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Review: Joey Sturgis Tones Transify Plug-in

Transify provides bypass, attack, sustain and cut-off, along with polarity flip, I/O level control and Clip

Today, it’s all about the envelope: plug-in convenience has ushered in an era of transient/sustain control on every single drum and percussion track, if we want. And who doesn’t? Combine that with EQ, compression, reverb and triggering, and rather amazing drum tracks are within anyone’s reach—acoustically-proper tracking room, or not.

Starting as hardware now decades ago, SPL’s Transient Designer led this pack while many others followed suit in software form. Joey Sturgis Tones’ Transify (VST2/3, AU, AAX, RTAS) is a little more flexible than other quite capable choices due to its four frequency band functionality. Here are the details:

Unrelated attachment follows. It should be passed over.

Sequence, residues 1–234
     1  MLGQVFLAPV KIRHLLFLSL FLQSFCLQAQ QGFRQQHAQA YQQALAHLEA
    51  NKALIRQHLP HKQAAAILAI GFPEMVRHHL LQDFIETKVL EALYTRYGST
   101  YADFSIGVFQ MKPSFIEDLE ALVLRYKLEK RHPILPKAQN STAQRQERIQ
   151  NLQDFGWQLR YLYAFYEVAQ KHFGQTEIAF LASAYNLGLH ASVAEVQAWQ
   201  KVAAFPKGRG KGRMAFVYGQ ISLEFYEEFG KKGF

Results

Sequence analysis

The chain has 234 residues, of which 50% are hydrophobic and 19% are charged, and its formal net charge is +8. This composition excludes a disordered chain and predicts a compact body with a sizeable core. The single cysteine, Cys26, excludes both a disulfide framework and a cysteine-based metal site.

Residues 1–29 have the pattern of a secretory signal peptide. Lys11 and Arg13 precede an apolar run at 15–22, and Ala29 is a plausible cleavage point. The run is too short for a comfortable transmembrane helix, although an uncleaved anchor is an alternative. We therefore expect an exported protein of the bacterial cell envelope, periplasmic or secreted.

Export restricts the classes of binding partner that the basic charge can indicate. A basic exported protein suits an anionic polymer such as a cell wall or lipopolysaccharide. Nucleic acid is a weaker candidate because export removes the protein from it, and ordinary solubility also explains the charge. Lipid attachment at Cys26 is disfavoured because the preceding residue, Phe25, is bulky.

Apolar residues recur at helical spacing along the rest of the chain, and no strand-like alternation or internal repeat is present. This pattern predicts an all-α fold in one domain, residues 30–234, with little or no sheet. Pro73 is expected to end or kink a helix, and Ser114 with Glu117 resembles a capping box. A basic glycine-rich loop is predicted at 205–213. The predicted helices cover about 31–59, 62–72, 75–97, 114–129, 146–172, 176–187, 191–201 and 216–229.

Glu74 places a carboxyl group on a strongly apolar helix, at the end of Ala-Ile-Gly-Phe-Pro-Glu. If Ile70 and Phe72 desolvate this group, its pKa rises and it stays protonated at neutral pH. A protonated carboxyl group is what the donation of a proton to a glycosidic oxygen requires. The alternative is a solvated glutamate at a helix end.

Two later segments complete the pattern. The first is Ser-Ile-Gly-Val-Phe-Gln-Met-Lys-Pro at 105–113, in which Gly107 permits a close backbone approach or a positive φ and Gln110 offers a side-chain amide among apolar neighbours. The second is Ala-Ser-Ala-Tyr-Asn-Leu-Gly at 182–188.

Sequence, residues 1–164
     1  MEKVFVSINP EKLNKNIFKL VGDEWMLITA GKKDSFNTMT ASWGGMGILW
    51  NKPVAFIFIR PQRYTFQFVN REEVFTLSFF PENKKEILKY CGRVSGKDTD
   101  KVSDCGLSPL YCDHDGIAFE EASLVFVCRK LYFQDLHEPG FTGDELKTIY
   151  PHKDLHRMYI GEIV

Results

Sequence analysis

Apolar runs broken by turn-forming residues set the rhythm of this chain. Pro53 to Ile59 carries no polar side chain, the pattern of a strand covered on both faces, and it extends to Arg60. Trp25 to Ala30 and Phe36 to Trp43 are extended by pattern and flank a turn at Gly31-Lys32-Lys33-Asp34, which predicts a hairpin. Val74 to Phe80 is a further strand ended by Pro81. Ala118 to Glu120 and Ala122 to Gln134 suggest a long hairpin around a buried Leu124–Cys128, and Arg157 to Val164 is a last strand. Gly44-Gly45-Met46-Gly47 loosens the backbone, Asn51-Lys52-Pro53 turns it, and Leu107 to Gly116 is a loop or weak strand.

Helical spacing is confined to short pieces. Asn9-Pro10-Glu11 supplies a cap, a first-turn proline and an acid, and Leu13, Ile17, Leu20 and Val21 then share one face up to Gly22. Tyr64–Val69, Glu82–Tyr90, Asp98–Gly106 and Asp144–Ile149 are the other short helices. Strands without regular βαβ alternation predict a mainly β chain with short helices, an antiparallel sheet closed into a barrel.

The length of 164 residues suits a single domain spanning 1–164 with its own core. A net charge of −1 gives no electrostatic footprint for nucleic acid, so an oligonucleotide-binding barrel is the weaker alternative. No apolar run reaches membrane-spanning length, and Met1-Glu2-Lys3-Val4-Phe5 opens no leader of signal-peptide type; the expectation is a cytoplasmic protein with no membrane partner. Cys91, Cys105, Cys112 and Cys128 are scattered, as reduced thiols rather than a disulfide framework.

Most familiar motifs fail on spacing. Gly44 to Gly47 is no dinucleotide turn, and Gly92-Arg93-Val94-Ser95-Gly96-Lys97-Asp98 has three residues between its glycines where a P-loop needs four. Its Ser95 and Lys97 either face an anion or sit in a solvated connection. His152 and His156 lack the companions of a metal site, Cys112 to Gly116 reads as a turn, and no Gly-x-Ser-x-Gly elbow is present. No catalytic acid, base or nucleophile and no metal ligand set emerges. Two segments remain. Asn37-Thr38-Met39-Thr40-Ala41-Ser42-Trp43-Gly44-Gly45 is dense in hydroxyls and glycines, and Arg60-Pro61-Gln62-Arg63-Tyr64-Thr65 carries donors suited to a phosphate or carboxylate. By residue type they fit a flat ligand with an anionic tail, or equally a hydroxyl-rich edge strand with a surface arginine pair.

Transify provides bypass, attack, sustain and cut-off, along with polarity flip, I/O level control—useful in attenuating output—and Clip—preventing overs and adding aggression, well serving “drums du jour” for so many genres.

Most of these controls are separated into frequency bands, and that’s where the real fun begins. Kicks, snares and toms can be substantially re-shaped: detailed, sharpened and shortened or conversely darkened, thickened and lengthened, as well as combinations in between. Well-isolated sounds and samples accept the most processing, allowing a wide range of wonderfully artistic choices. Close-miked drums are afforded more sustain, or less (within reason), molded into the right frequency pocket, avoiding cymbal-bleed harshness.

Meanwhile, I had ample success with synths via Transify, while basses worked pretty well, too—though long sustains encouraged some clicks and noises. Troubled acoustic guitars (or should I say “technically-challenged acoustic guitarists”?) can be beneficially tamed with careful and moderate use, as well.

JST’s Transify delivers another layer of control that does what EQ, compression and room mics could do organically, but in a way that doesn’t sound quite like EQ, compression or ambient miking. At $55 direct, it’s a minimal investment into maximum percussive control.

Joey Sturgis Tones